As a singer, though, Marshall's delivery could come across as somewhat flat and lacking range, though with singers, as with saxophonists or guitarists, taste is inevitably subjective, and plenty in The Sugar Club audience warmed to both his personality and his music. It would be easy to imagine Marshall enjoying broad commercial appeal, as his generic R&B was never overly challenging and his sunny, jazz-inflected piano and electric piano playing falling somewhere between Bob James
and Bruce Hornsby.
The final number, a slow-burning, neo-soul vocal ballad, featured an impressive, bubbling solo from Gaddum, and a lightly sparkling reply from Marshall, with a brief nod to Nick Drake's "Riverman." Marshall has talent no doubt, but it would be a surprise if more adventurous, risk-taking vocalists hadn't applied to participate in 12 Points 2018. His inclusion suggested that 12 Points is not only about presenting the most cutting edge contemporary music, but presenting the widest possible spectrum of contemporary, jazz-related music. Jazz of course, whether some care to admit it or not, means very different things to many people.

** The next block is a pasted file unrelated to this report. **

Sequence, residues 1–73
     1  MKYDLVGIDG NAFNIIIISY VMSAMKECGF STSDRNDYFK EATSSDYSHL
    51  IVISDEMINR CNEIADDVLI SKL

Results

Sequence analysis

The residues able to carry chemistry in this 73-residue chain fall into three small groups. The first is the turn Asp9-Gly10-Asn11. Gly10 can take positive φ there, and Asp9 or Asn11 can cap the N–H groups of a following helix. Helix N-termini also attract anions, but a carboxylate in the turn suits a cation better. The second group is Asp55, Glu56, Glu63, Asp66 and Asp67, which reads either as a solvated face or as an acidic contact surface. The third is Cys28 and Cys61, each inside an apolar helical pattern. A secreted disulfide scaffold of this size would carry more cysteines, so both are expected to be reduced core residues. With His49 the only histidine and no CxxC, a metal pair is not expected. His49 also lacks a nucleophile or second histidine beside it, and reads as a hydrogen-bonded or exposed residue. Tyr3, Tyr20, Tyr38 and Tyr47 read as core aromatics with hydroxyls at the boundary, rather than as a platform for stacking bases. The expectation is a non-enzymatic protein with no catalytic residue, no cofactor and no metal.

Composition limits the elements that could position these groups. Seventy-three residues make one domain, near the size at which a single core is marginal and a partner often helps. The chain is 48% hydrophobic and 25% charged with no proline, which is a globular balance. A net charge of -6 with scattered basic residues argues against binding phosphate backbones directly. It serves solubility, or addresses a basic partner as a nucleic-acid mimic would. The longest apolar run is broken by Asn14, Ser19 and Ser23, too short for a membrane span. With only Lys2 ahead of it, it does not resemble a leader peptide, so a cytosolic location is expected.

Twelve Points 2018 wound up with a jam session in The Sugar Club, though for many musicians and delegates alike it was a gig too far in what had been an intensive musical feast, with most preferring instead to socialize on the venue's outside terrace. This informal networking is an important part of any festival, often setting in motion future collaborations, and 12 Points is particularly good at bringing together the various players that combine to make, promote and disseminate the music.
Twelve years and one hundred and forty four bands down the road, 12 Points continues to deliver some of the very best creative music in Europe. There were certainly more pedal boards, laptops and MIDI keyboards on stage in 2018 than there were a decade ago, indeed, more gizmos in general. Who can tell what the instruments will look likeand be able to doa decade from now?
One constant through the years has been the originality of the participating bands and their willingness to take risks. It's what 12 Points is all about and it's what makes every edition of this festival such a unique event, beloved by audiences and musicians alike. 12 Points 2018 was no exception.
Photos: Courtesy of John Cronin / Dublin Jazz Photography